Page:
15th May 2020
As the UK plans our recovery from the Coronavirus pandemic, businesses and organisations across the UK are looking at how to adjust their premises, processes and overall strategy to meet the new guidelines and keep their people safe.
With schools at the forefront of the discussions about a safe return to a working Britain and a date of the 1st of June ‘at the earliest’ to plan for, it’s a good time to look at some of the ways that schools may have to adapt when pupils are able to return – we are working to keep up with current advice from the Department For Education and regularly update our Coronavirus hub with the latest information.
A Staggered Return To Normality
It looks likely that a staggered return across year groups will be implemented. Allowing primary school children, for whom school may be some parents only care option, to return with safety measures in place will enable a large number of parents to go back to work.
Year 10 and 11 students that haven’t had exams cancelled are anticipated to be able to return in some way as well, whether this is with more structured remote learning or actually going to their school premises could depend on government guidance and location.
There hasn’t been much suggested yet for Years 7-9. The vast majority are not planning for imminent exams and are potentially responsible enough to be left at home while their parents are at work. It makes sense that these pupils would be a lower priority for a return.
Social Distancing For Schools
It looks very much like social distancing is part of everyones future, wherever they work. We’ve already seen supermarkets and resturants adapting their product delivery to ensure customers and staff can maintain a 2m distance. Perspex screens and spaced out queues are now the norm. Of course many schools, even the recently built ones, are not designed with social distancing in mind – something education professionals have been pondering since the beginning of the pandemic. It’s evident that we are going to emerge into a new world when the lockdown is over, but it’s hard to imagine how this might look in an educational setting. Many school corridors are less than or barely two meters wide, and classrooms may not have the space or layout to accommodate as many pupils if the two-metre rule is expected to continue when pupils return. Classroom sizes may be reduce, pupils in priority groups may be asked to attend at a different location and remote learning could become a more permanent tool in the delivery of the curriculum.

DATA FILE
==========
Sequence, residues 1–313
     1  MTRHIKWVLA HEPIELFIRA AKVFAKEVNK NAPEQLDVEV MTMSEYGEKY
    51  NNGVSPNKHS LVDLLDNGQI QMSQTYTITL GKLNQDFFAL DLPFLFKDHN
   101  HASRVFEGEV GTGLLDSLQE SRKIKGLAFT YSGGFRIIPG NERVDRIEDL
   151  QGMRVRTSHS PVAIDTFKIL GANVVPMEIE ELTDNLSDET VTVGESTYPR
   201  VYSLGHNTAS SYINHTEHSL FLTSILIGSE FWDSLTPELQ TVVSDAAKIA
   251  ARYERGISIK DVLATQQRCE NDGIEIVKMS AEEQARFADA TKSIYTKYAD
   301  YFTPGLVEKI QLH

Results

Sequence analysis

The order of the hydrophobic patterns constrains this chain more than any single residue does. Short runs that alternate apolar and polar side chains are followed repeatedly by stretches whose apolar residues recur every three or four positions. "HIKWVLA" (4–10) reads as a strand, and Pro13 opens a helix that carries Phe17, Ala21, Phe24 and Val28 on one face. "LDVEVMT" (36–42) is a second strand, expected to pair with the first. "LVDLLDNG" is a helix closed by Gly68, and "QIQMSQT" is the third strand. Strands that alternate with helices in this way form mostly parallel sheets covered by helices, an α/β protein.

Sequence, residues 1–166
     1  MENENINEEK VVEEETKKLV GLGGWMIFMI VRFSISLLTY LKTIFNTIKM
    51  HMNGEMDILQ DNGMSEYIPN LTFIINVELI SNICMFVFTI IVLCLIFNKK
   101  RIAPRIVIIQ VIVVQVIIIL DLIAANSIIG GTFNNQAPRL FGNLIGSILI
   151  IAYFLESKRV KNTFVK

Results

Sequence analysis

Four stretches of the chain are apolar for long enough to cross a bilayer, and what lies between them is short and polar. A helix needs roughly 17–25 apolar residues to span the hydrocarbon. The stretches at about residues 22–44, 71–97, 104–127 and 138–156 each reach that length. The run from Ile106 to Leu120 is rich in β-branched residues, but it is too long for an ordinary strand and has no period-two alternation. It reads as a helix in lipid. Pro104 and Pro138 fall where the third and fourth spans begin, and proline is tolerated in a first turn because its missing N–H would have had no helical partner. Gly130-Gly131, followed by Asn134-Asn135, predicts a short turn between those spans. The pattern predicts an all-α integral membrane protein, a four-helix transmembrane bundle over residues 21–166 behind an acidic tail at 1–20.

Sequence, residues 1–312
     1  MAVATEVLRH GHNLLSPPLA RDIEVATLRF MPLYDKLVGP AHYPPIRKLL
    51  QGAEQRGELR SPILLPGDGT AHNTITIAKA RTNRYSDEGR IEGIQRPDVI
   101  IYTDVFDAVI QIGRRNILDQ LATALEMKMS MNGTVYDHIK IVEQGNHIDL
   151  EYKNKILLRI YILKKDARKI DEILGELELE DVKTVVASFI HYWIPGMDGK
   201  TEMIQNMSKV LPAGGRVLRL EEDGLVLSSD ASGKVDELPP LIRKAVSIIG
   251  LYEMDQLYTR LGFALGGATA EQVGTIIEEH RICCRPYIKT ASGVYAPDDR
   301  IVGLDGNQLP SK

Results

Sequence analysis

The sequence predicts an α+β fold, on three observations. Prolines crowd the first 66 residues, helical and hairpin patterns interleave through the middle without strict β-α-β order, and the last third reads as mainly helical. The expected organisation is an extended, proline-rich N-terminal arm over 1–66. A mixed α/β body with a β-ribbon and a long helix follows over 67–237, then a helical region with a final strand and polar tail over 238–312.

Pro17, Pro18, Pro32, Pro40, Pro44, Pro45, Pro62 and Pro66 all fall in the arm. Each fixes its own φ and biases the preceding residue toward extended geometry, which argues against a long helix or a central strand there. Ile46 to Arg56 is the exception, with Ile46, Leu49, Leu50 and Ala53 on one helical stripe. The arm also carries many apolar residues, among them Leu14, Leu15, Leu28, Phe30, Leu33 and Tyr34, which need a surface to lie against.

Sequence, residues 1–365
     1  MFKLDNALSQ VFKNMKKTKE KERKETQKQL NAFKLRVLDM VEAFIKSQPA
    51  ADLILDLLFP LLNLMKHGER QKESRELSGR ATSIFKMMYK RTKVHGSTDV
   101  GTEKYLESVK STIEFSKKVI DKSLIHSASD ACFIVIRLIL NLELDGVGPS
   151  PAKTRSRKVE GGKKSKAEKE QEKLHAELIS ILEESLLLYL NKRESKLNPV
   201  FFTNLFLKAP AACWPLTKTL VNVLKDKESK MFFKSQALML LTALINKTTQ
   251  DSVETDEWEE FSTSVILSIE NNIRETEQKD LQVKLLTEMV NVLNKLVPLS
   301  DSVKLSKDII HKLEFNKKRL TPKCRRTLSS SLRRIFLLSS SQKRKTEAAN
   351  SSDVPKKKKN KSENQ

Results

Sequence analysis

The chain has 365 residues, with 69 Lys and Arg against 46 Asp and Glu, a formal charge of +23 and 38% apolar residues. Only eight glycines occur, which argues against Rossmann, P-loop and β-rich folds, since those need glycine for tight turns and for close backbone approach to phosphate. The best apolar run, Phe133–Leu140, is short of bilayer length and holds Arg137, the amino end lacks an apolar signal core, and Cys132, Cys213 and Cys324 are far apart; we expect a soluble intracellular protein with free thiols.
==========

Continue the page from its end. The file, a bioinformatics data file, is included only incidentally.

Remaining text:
Relationships With Parents and Guardians
Understandably parents are going to have concerns about schools capability to manage pupils distancing. Schools will have to ensure regular communication with parents about return dates and how each individual setting will implement social distancing and encourage pupils to wash their hands regularly. There may also be attendance issues. There has been some suggestion that parents would not be subjected to attendance penalties on the return to school. Although the option will be welcomed by families, it could mean fragmented teaching for staff as they manage both remote and in-classroom pupils and raise additional issues, pupils in difficult home situations might not be picked up quickly – safeguarding practices will have to change too.
Increased Hygiene Practices
It’s clear from scientific evidence (insert source) that hand washing is one of our big weapons against the COVID fight. Most schools handwashing encouragement stretches to a few stickers on the bathroom wall. Handwashing facilities tend to be limited to bathrooms only in educational settings. We saw some success prior to the shutdown with anti-bacterial stations at key points around schools. The government also recommends face coverings for public transport or public areas so it’s not a huge stretch to envisage this advice being extended to cover other settings with groups of people. It’s inevitable that face coverings will be more prevalent as parents try to mitigate the risks involved in sending their child out into the world. CUrrent government advice states that it is not advised to wear face coverings in education settings but this could very well change in order for a larger number of pupils to return.
With no confirmed return date yet, it’s hard to know what schools will look like when we are finally able to return to some normality. It’s certain there will be changes for teachers, pupils and school staff that will change the ways schools are run. Engage are here to support our teachers through these times and we are able to offer support through our partners Educational Support.
The goverment have released several publications around anticipated returns to school and what this means school will have to focus on. Increased cleaning practices, reducing contact and mixing betweeen pupils and quick detection of symptoms if they do arise all form part of the current guidance to opening education settings back up. Read more on the goverments plans now and how the next few weeks might look in the most recent publication on this subject, on their website.
Whilst the government wrestle with the practicalities of sending children back to...
It’s fantastic to be able to say there is finally a firm date for schools reopening. For many teachers it’s…
Engage Education win the Education Investor Awards 2016: ‘Best Recruitment Service’ Having previously won the award in 2012, 2014 and…